This Australia could be set for a federal anti-corruption watchdog depending on the next federal election result after Labor announced its intention to establish an anti-corruption body if it gains power.

In a move which could help ensure integrity in oversight over hundreds of billions of taxpayer owned land, buildings, infrastructure and equipment, opposition leader Bill Shorten has announced that Labor will establish a National Integrity Commission to investigate possible corruption and malpractice at a federal government level.

In a Facebook post, Shorten said the moves would restore faith and trust in politics.

“Australians have lost faith in politics. It’s time to change that,” Shorten wrote.

“It’s time to restore trust. It’s time to show we’re fair dinkum. It’s time to show we are here to serve the public and not ourselves.”

“If I’m elected Prime Minister, I will create a National Integrity Commission.”

Whilst various states and territories have established anti-corruption agencies, thus far no such agency is in place at a federal level.

That, some argue, leaves the potential open for illegal activity to occur at the federal level.

At a federal level, the Commonwealth Government owns $642.6 billion work of assets.

As well as $466.0 billion worth of cash and investments, this includes $12.2 billion worth of land, $28.1 billion worth of buildings, $58.6 billion worth of specialist military equipment, $11.6 billion worth of heritage and cultural assets and $42.5 billion worth of other plant, equipment and infrastructure among other things.

Managing and maintaining this asset base is significant, giving rise for opportunities for unscrupulous parties to profit from potential illegal activity.

In addition, decisions involving federal ministers, departments, agencies and regulators cut across significant areas in respect of the environment, foreign investment, health and safety and many other issues in which powerful and unscrupulous parties may be willing to pay for a favourable outcome.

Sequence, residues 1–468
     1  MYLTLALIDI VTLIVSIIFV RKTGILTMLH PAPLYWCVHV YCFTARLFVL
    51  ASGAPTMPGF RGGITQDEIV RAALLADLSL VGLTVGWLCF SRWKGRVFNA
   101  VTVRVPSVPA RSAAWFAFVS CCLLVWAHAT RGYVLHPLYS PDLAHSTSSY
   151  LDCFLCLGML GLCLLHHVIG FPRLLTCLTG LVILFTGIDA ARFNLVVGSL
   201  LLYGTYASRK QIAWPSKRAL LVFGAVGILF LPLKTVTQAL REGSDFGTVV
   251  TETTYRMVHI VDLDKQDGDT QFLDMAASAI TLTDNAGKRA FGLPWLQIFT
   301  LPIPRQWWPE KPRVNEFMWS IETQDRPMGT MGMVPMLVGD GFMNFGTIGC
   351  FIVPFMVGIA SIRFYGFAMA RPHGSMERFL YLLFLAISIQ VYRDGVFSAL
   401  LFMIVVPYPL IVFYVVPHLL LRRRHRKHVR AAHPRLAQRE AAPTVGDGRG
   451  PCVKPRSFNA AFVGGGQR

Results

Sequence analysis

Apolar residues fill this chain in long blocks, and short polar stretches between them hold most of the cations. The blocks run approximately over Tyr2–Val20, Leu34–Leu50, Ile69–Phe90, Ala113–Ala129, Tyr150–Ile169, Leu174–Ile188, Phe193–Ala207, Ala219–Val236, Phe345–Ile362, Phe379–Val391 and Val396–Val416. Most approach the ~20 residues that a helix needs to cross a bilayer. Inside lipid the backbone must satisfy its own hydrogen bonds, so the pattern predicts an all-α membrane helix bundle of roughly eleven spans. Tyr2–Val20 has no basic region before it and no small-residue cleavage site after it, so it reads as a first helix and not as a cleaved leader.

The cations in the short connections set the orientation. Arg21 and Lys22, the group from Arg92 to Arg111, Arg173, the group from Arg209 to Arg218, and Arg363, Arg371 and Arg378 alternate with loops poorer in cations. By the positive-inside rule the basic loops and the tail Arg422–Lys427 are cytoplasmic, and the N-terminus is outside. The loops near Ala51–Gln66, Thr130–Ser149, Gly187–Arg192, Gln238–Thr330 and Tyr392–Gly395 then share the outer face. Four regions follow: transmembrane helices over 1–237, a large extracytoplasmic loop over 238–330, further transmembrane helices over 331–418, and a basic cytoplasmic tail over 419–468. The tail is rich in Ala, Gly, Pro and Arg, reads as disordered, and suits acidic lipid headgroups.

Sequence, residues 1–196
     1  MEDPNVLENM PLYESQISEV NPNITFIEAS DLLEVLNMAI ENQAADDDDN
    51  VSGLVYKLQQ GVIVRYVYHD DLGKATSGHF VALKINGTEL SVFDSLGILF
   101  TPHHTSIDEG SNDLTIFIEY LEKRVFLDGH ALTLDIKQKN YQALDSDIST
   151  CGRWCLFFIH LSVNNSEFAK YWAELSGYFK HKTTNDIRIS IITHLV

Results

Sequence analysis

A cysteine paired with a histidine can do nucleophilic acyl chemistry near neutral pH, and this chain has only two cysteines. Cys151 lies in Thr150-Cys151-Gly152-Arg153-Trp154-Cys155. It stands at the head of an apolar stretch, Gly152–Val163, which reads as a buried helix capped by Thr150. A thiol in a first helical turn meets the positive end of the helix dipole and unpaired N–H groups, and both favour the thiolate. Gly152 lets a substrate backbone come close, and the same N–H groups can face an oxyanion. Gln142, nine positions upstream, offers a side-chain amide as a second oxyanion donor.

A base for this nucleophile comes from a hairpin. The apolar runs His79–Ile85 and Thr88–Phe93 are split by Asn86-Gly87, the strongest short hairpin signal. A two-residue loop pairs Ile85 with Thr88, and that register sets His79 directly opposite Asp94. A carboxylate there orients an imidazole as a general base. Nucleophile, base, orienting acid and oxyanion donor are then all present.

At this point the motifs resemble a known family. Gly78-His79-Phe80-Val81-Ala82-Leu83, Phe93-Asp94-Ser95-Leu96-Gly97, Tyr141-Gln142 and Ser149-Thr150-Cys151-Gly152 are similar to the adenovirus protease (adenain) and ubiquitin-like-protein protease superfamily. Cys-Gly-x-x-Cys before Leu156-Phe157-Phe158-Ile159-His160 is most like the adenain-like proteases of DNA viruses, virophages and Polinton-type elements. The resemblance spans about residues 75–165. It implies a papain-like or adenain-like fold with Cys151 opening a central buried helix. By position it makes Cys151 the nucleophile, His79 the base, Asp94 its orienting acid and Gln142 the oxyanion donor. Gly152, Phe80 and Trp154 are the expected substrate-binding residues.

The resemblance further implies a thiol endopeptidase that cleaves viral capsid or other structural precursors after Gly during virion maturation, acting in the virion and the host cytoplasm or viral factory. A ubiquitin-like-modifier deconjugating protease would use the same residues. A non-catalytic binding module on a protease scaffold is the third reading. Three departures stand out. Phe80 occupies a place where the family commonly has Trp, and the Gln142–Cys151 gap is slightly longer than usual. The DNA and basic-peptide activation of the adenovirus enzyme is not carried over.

In previous discussions with Sourceable, opinions about whether an anti-corruption body was needed at the federal level are divided.

Professor AJ Brown, program leader, Public Integrity & Anti-Corruption in the Centre for Governance and Public Policy at Griffith University says there are clear gaps in current arrangements notwithstanding that further work is needed to define how any new body would work.

As an example, he says grey areas such as breaches of procurement guidelines or issues of serious misconduct might not have the necessary proof of corruption required to warrant the Australian Federal Police becoming involved but could nonetheless lead to corruption being committed.

Whilst bodies such as the Australian Federal Police, the Auditor General and the Public Service Commission do have investigative roles, Brown says none of these agencies are in any way geared toward ensuring the Commonwealth Government overall has effective governance strategies in place and that these are being followed from an accountability perspective.

However, Flinders University Professor Adam Graycar is more cautious, saying that there is little value in throwing hundreds of millions of dollars into a new agency until we have clear definition of the shortfalls within the existing system and the specific problem which the new agency is trying to resolve.

One possible alternative, Graycar says, is to have corruption units added to other agencies such as the Australian Federal Police, the Auditor General’s Office and the Australian Taxation Office along with mechanism for coordinating and information sharing.

The latest announcement comes amid ongoing deliberations of a Senate Select Committee into the Political Influence of Donations, which is due to report on March 28.

Prime Minister Malcolm Turnbull has said the Coalition is open to the idea of a corruption watchdog at the federal level and will consider.

“As far as a National Integrity Commission, it’s something that as I said we are reviewing the report from the Senate Committee and considering,” Turnbull was quoted as saying on the ABC’s The World Today program.